A First Nation has dropped out of a lawsuit seeking to stop the Site C dam.
A provincial judge allowed McLeod Lake Indian Band to “cease to be a party” to a lawsuit involving itself, Prophet River First Nation and West Moberly First Nations on July 2.
One week earlier, a Federal judge also granted McLeod Lake's departure from a similar Site C lawsuit that also involves Prophet River, West Moberly and Doig River First Nations.
The move by McLeod Lake is not expected to impact the status of the lawsuits.
Not long after the province announced it planned to go ahead with the construction of the Site C dam, a number of First Nations announced plans to fight the $8.8 billion project in provincial and federal courtrooms.
The provincial lawsuit asks the court to quash or set aside the decision of the provincial and federal governments to issue an environmental assessment certificate for Site C.
A judge heard initial arguments in the case April 23 to May 6.
“After the conclusion of the hearing, on May 21, 2015, McLeod Lake agreed with BC Hydro to withdraw from, and discontinue all of its claims in, this proceeding,” according to a notice from McLeod Lake.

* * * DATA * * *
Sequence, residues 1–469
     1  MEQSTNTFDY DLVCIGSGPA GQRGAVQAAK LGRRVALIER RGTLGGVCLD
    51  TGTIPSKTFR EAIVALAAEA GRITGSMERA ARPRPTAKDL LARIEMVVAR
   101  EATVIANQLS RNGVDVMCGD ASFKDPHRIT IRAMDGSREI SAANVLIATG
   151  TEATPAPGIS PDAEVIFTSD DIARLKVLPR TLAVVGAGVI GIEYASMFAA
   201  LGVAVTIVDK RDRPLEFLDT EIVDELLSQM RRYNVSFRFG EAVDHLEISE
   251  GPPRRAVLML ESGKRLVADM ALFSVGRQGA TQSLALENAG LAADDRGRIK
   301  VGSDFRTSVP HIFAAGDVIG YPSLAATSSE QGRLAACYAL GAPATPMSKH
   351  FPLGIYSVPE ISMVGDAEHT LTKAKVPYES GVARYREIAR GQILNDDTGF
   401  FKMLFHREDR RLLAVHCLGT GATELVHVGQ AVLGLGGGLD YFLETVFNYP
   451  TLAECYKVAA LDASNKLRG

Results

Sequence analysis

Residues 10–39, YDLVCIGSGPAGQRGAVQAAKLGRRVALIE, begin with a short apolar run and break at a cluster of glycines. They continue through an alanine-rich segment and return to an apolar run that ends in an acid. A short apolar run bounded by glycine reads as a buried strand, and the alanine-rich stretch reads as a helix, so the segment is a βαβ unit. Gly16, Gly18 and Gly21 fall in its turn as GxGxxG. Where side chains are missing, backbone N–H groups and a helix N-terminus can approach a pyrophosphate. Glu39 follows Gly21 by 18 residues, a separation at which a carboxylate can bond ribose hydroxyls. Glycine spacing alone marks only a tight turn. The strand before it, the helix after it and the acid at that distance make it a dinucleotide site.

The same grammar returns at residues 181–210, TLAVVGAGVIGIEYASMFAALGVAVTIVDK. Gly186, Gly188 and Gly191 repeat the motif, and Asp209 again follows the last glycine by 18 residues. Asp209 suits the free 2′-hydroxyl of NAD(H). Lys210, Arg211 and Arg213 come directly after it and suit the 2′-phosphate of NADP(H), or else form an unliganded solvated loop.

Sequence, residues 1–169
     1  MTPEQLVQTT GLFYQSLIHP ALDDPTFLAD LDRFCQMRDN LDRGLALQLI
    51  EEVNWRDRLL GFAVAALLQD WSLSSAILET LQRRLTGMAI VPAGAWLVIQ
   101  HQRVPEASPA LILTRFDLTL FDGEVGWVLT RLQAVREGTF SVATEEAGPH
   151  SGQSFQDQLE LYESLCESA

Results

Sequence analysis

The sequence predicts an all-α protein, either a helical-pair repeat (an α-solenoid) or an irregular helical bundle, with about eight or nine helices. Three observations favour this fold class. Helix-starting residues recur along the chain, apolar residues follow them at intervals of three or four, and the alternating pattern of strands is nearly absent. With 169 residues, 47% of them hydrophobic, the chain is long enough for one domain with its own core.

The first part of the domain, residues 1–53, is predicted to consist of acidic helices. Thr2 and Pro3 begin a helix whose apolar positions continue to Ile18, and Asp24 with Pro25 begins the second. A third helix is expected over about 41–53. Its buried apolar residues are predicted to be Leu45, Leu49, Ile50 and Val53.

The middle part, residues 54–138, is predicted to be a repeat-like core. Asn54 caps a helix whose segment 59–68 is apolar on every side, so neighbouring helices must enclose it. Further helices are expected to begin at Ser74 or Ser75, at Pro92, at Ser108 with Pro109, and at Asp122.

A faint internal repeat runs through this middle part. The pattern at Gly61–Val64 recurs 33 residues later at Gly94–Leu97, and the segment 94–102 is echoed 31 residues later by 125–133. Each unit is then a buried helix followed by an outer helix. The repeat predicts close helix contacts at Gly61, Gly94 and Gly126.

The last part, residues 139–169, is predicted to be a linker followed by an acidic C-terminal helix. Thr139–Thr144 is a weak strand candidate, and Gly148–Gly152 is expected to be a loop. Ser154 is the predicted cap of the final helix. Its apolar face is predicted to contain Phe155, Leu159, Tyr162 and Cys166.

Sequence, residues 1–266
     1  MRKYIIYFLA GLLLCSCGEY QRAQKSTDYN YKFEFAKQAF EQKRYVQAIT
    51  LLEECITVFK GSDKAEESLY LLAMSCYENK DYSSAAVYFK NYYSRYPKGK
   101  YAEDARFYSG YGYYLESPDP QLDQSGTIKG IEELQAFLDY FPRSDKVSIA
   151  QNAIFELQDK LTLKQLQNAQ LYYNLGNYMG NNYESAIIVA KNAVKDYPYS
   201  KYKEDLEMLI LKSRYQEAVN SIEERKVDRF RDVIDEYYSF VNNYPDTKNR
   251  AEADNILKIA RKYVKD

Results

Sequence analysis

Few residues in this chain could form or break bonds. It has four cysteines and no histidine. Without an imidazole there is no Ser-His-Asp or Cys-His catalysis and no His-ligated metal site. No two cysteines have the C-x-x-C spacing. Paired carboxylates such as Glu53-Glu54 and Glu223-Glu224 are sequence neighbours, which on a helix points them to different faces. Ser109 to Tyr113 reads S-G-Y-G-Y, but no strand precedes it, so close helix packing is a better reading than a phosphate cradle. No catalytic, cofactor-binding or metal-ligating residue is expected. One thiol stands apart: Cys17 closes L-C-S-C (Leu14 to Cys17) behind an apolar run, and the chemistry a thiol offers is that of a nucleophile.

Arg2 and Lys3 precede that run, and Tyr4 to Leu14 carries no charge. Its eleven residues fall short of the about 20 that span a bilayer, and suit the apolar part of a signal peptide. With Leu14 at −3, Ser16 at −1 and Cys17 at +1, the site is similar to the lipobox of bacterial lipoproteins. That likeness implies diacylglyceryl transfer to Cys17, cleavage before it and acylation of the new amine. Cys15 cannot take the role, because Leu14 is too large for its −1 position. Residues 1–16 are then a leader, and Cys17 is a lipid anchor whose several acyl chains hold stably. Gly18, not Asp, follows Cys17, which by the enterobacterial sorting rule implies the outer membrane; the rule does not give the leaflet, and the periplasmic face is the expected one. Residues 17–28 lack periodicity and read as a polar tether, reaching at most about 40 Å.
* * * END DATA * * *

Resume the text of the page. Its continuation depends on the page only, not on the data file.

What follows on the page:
Soon afterwards, McLeod Lake dropped Rana Law Firm and Devin Gailus Westaway Law Corporation — the firm representing all three of the First Nations — and hired lawyer Albert Peeling.
The notice does not say why McLeod Lake Indian Band left the lawsuit.
The departure does not mean that Prophet River and West Moberly will stop their lawsuit.
“McLeod Lake consents to Devin Gailus Westaway Law Corporation and Rana Law continuing to act for Prophet River and West Moberly in this proceeding,” the documents state.
Dave Conway, Hydro’s spokesman for Site C, said he could not comment on McLeod Lake’s departure.
Questions sent to Rana Law, Peeling, Devin Gailus, the McLeod Lake Indian Band office, and the offices of the other First Nations involved in the lawsuit were not returned as of press time.
A separate lawsuit is also underway involving the Athabasca Chipewyan and Mikisew Cree First Nations in Alberta.